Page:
OP-EDS

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November 21, 2003

Spread of anti-Semitism felt near and far

This weekend the Jewish community was faced with another episode in a series of worldwide tragedies. Jews praying in two synagogues in Istanbul were simultaneously attacked in bombings that together claimed the lives of 20 people and injured more than 300 others. In a country of 68 million with a population of 25,000 Jews, these attacks clearly represent more than a local threat; they represent a much more serious predicament for global Jewry.

Last year, a synagogue in Tunisia was blown apart, killing and injuring dozens more. Similarly, Jews in France saw a wave of anti-Semitism two years ago as literally dozens of synagogues were vandalized, burned, or bombed in a period of a few months. In Belgium, thugs beat up the chief rabbi, kicking him and calling him a dirty Jew.

Far from being assured by a composed and collected international community, one finds more statements of incitement and hatred. Just a few weeks ago the departing Malaysian Prime Minister called Jews the enemies of the world and claimed that they had invented terms like "human rights" and "democracy" in order to make it immoral to kill them. In Egypt, a 40-part series was shown over state controlled national television called The Protocols of the Elders of Zion, a virulently anti-Semitic film depicting, as a central theme, Jews conspiring for world domination.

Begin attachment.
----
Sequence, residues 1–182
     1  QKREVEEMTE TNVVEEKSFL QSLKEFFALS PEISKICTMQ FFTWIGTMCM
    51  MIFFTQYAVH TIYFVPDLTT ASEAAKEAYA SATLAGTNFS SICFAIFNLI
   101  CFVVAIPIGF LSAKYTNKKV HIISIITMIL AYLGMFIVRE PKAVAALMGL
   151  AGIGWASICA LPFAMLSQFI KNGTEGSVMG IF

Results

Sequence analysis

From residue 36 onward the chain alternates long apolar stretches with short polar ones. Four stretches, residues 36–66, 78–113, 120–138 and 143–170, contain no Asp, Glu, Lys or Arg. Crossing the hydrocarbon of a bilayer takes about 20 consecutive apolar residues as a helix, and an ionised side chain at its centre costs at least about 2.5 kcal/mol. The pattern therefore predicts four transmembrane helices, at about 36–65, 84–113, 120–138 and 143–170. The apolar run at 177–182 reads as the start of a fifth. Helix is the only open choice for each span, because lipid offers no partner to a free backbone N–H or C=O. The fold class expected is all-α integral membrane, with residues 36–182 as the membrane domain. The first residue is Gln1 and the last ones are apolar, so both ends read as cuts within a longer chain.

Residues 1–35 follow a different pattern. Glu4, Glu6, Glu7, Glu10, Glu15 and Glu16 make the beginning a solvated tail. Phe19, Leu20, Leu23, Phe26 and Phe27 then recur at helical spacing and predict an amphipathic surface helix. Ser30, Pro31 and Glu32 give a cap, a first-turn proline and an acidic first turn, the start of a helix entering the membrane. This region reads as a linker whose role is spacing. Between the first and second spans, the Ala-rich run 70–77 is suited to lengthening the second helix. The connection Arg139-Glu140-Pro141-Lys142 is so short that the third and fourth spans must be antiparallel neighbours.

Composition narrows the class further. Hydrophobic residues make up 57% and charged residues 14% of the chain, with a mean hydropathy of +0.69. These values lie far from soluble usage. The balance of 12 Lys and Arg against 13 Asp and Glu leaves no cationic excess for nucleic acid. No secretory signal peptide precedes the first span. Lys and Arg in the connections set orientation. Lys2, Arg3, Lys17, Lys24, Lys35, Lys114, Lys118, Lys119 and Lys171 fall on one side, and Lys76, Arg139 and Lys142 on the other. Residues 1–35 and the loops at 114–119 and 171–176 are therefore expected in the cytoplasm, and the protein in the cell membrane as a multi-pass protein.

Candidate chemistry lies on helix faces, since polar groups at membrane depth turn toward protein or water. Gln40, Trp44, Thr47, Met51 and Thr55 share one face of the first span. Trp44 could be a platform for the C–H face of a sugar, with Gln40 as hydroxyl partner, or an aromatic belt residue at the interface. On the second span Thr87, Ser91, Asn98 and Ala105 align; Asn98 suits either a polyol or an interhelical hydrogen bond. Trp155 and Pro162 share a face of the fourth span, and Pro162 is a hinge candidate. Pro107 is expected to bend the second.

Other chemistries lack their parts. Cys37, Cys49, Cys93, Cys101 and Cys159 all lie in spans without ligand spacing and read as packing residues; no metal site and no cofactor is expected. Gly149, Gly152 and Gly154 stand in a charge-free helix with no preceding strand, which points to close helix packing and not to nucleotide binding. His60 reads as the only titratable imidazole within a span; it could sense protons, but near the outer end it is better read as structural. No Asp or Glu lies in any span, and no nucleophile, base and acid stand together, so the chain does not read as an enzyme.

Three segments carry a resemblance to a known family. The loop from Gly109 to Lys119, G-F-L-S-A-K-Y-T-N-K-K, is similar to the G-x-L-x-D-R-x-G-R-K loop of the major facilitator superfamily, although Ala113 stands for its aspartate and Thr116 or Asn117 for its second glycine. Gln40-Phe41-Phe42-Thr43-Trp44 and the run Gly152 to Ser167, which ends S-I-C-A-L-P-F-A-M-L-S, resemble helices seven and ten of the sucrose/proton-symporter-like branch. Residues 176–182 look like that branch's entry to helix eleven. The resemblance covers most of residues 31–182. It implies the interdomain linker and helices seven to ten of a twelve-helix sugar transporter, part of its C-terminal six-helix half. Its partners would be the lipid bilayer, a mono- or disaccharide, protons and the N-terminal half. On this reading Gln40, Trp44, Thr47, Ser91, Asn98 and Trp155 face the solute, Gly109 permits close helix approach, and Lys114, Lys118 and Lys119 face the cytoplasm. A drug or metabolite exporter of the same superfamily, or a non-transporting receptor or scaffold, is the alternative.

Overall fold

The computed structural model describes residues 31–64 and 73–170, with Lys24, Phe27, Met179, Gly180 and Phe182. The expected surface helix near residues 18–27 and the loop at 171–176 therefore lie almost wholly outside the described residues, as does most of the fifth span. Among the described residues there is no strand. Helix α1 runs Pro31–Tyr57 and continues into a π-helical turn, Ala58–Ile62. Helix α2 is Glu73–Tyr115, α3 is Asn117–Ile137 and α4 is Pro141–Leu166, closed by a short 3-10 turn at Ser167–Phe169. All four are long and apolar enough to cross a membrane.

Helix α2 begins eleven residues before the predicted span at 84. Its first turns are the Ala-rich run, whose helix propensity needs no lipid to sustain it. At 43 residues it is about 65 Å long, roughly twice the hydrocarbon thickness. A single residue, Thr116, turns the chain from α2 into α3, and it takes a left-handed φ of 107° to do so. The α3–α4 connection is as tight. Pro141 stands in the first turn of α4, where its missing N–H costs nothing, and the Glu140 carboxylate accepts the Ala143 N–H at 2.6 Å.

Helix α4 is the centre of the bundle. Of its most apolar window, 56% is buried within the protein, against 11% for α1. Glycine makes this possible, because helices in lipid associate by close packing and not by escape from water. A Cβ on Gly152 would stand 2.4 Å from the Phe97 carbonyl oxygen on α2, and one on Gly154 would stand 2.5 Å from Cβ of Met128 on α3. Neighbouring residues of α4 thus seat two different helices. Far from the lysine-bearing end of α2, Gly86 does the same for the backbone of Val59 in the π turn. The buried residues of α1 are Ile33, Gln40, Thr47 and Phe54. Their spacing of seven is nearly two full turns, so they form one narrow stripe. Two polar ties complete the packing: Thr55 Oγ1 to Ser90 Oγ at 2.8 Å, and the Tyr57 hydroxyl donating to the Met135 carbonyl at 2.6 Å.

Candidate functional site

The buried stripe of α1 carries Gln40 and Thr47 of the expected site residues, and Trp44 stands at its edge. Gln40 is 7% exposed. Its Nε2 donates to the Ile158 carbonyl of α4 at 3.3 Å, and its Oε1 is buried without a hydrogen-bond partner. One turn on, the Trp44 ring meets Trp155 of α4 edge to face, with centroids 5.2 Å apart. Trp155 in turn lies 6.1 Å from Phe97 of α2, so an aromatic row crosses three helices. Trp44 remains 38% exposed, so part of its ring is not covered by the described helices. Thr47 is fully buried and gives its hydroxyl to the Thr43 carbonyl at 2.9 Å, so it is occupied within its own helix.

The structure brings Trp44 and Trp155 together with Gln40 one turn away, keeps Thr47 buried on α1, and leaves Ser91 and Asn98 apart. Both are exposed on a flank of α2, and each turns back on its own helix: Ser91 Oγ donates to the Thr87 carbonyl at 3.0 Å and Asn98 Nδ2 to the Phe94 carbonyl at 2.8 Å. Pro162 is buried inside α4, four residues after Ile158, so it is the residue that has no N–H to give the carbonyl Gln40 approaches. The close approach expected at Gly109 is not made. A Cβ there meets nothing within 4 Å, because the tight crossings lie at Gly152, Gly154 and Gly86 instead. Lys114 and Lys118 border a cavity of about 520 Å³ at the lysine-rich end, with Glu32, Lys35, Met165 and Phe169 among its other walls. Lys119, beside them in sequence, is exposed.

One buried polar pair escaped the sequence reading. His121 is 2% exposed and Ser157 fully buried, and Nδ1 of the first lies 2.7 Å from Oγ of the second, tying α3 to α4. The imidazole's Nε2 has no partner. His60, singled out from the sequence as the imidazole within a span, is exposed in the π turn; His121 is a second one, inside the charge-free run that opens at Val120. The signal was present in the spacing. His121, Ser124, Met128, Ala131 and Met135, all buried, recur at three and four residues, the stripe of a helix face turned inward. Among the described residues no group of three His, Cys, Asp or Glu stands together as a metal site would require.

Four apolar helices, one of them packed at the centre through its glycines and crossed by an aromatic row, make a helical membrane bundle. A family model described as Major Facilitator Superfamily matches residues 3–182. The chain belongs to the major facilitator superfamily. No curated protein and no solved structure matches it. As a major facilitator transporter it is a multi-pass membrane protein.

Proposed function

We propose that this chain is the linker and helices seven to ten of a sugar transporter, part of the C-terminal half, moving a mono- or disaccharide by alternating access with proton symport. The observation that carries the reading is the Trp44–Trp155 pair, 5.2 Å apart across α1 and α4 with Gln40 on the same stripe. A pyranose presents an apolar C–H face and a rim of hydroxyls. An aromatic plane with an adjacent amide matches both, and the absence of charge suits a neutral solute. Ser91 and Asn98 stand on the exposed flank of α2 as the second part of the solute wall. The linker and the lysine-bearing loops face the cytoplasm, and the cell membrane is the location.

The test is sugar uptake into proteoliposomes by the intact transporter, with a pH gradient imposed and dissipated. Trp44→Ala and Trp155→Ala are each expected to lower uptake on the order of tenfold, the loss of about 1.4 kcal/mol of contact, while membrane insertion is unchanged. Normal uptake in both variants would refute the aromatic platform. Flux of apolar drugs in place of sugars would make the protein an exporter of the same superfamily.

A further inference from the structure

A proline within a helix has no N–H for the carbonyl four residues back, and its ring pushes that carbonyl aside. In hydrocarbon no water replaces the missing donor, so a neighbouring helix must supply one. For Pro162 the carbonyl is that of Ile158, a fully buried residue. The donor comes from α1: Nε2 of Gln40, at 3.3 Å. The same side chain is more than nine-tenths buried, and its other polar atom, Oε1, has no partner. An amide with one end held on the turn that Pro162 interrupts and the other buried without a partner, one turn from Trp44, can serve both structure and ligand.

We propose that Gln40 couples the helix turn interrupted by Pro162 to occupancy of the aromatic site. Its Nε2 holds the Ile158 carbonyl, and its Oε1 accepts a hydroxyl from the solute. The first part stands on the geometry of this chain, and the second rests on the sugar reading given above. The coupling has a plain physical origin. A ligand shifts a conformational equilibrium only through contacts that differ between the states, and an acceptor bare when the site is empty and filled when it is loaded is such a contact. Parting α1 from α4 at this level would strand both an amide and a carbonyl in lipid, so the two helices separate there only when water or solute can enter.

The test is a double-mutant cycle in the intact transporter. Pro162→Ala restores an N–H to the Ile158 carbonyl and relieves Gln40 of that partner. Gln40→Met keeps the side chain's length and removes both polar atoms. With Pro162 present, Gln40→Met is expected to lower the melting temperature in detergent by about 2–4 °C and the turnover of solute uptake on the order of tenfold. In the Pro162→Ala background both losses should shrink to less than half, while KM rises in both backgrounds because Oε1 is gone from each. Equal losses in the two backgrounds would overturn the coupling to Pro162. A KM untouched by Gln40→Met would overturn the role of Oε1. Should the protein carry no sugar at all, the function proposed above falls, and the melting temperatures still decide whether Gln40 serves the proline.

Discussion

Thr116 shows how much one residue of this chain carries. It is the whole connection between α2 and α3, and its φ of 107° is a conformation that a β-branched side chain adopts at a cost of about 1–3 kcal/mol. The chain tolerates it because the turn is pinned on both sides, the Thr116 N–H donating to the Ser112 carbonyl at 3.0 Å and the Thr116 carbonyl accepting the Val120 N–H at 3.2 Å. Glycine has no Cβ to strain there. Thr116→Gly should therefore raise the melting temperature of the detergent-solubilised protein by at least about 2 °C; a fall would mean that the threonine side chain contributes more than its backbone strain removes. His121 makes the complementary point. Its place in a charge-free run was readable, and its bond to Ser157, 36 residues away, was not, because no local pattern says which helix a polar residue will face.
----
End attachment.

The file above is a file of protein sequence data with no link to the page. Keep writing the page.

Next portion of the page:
Anti-Semitism occurs as well in our own institution, and other academic institutions where the stigma of the Holocaust has begun to wear off and criticism of Jews by some has again become fashionable. Last year a prominent U of C professor alleged in an article in the Chicago Tribune that U.S. foreign policy is directed by a small group of Jews with dual loyalties to the U.S. and the Likud Party in Israel.

Our campus is not exceptional; several weeks ago swastikas were spray painted on the Hillel house and outside the Jewish fraternity house at Rutgers University. Just last week, hoodlums spray painted a swastika at the entrance to a conference held at Northwestern University for Jewish high school students. Finally, just this year, the Hillel at Concordia University was expelled from the school by student government. That marked the first time a Jewish student group had been banned anywhere in the world since Austria in 1939.

I wish all of these events were just a bunch of propaganda, but they're not. They represent a serious and legitimate predicament for Jews worldwide. Of course, criticism of Israel is legitimate and indeed necessary as that government makes provocative and controversial actions, but condemnation of Jews for going about their daily way of life is completely reprehensible.